“There is a total lack of awareness among public bodies – the police, local council, health, education, and social services,” she said. “They do not know what signs to look out for and are not asking the right questions. Honour-based abuse causes long-lasting trauma and psychological impacts. We need to do all we can to help victims who are suffering sometimes years and years of abuse.
“We need to break the cycle so they don’t suffer in silence. There are serial offenders of honour-based abuse who have one victim after another in that family.”
A spokesperson for the CPS said: “Honour-based abuse is an incredibly complex crime and we know victims need extra support to help us successfully bring cases to court.
“We have agreed a joint protocol with the police to make sure investigative teams are using best practice and victims feel supported and protected.We can only charge cases that have been referred to us by police but where our legal test is met, we will not hesitate to prosecute.”
Published: July 22nd, 2019 Updated: July 22nd, 2019
Exclusive: ‘Perpetrators are not being held to account. The fall in prosecutions is massively concerning given more victims than ever are coming forward. It sends a message to communities that you can almost get away with it’
Convictions for so-called honour crimes perpetrated against women have plummeted in the past five years, The Independent can reveal, amid a nationwide crackdown aimed at bringing those responsible to justice.
The offences include coercive control, forced marriage and subsequent repeated rape, female genital mutilation (FGM), assault, threats to kill, attempted murder and even murder itself.
Figures from the Crown Prosecution Service show that successful prosecutions for crimes of honour-based abuse fell from 123 in 2013-14 to just 71 in 2017-18.
In an acknowledgement of the problem, a national campaign was launched this week – at the start of the summer school holidays – that saw police officers descend on airports across Britain to question families travelling to and from countries where the practices are prevalent.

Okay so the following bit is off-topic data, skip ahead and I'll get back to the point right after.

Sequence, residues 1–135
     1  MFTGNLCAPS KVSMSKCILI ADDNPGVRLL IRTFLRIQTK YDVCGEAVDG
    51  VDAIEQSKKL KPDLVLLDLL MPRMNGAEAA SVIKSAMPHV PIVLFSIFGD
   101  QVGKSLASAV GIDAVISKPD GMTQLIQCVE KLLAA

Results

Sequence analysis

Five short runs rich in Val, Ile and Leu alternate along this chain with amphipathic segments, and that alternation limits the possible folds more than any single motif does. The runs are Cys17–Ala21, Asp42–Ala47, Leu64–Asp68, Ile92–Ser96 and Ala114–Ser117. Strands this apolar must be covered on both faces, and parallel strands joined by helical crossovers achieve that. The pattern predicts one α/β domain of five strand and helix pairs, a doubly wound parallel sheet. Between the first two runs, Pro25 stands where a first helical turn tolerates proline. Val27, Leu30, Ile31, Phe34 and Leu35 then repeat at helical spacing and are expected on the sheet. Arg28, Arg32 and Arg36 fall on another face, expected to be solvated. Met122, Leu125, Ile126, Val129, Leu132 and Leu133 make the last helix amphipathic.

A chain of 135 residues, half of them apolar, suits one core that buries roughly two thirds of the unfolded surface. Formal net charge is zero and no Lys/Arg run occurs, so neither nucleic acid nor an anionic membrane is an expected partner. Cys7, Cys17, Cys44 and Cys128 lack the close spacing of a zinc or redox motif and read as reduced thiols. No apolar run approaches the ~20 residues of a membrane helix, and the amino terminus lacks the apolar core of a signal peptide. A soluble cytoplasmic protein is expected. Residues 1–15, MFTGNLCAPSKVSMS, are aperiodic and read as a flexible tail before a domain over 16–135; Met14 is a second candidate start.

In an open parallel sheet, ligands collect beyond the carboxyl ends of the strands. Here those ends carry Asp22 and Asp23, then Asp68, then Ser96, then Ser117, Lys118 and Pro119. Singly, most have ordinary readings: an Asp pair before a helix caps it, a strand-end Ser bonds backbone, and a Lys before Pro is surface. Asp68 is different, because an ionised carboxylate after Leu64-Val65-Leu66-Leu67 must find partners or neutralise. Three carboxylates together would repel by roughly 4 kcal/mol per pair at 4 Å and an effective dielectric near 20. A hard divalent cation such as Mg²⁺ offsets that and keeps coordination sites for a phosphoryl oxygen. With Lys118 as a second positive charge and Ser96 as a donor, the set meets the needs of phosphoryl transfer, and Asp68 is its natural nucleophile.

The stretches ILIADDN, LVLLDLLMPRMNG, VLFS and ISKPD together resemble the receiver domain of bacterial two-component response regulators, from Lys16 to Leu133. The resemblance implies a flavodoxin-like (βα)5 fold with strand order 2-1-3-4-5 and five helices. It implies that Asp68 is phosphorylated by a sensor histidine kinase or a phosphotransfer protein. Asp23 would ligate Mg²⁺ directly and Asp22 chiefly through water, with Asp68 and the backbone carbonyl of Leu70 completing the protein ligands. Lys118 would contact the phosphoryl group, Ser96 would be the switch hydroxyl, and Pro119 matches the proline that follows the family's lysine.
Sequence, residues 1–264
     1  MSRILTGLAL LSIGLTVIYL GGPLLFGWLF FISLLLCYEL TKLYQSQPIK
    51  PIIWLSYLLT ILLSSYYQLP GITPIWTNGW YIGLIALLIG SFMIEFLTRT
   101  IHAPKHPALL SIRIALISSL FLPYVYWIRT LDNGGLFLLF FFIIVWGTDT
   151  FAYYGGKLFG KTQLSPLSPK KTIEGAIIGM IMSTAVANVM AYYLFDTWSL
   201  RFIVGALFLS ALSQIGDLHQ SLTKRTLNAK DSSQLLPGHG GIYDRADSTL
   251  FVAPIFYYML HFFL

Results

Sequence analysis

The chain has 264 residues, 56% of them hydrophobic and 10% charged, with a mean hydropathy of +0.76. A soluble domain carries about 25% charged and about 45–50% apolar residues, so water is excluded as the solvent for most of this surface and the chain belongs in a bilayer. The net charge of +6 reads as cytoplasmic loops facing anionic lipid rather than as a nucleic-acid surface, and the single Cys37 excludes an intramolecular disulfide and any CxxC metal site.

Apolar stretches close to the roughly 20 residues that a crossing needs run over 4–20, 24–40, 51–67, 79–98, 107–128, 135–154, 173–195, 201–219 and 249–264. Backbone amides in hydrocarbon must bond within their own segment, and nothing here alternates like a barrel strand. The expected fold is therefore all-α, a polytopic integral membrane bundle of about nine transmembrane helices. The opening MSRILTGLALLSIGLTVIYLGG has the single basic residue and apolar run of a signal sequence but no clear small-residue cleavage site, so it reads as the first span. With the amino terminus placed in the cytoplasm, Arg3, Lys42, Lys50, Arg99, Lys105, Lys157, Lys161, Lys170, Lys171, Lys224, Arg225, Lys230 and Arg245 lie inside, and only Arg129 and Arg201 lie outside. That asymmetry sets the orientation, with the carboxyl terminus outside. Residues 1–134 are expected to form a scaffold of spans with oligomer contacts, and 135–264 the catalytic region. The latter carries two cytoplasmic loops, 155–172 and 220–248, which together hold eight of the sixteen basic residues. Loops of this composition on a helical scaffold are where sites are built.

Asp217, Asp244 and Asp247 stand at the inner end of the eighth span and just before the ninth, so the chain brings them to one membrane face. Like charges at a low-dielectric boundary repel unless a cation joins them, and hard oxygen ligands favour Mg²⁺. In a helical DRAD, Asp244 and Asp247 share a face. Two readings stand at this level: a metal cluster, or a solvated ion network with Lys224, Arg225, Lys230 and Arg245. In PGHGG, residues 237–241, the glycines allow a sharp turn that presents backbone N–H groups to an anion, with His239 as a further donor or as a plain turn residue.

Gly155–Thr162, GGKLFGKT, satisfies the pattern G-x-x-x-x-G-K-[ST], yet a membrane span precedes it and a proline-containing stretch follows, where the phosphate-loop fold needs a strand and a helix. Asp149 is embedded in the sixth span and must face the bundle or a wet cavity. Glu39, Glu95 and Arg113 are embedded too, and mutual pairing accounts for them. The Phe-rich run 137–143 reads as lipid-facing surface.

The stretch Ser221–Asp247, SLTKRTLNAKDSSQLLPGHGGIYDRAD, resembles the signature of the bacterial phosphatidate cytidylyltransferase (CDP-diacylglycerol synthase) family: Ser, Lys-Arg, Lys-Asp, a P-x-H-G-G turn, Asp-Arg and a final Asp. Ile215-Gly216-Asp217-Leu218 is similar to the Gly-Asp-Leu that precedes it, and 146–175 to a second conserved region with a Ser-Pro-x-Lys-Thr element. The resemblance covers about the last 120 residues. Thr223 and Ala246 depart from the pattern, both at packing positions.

Published: July 19th, 2019 Updated: July 19th, 2019
Police are visiting airports across the country in an effort to prevent children being taken abroad for forced marriages.
Operation Limelight is running over the school holiday period, from 15 July to 19 July, and will see police and Border Force officers visit airports across England and Wales.
They will be training airline staff to identify the signs of forced marriage to boost reporting to the police. Intelligence is also being used to identify victims who are about to leave or have just returned to the UK, police say.
“Forced marriage is a violation of human rights,” said Commander Ivan Balhatchet, the National Police Chief’s Council lead for forced marriage. “The isolation, threats and violence that victims experience means that this is not something that can be tackled by police alone.”
The operation is being run in partnership with children’s charity the NSPCC and the Freedom Charity, which works to eliminate forced marriage.
Commander Balhatchet added: “I urge anyone with concerns around forced marriage, or any other harmful practices affecting our children or vulnerable adults to come forward and tell police. We will treat each individual case sensitively and confidentially.”
Aneeta Prem, founder of Freedom Charity said: “We know it’s when potential victims are more likely to be taken abroad by their families to attend a wedding, not knowing that it is their own.
“Once someone is abroad it can take a great deal of effort to get them back to the UK safely and so this operation at airports is vital as it’s the last chance to save someone from a forced marriage.”
Published: June 30th, 2019 Updated: June 30th, 2019
Two teenage sisters who feared being victims of female genital mutilation and forced marriage were only rescued after they contacted the Foreign Office begging for help.
The teenagers were taken out Bethnal Green academy by their mother in July 2016 — 16 months after Shamima Begum and three classmates left the same school to join the Islamic State terror group in Syria.
The two sisters were repatriated almost a year later after texting the UK Government’s Forced Marriage Unit stating that their passports had been confiscated and they were being abused at their new boarding school in east Africa.
Six months after they first went missing the sisters managed to contact friends on social media, saying they were being held against their will and “enrolled at a school where they were being beaten”, according to an independent report into the case.
The government did not become aware of their plight until four months after the girls first raised the alarm.
The report found: “The two sisters were removed from school by their mother and taken to [the East African country]. There they were enrolled in a school where they were to be de-westernised.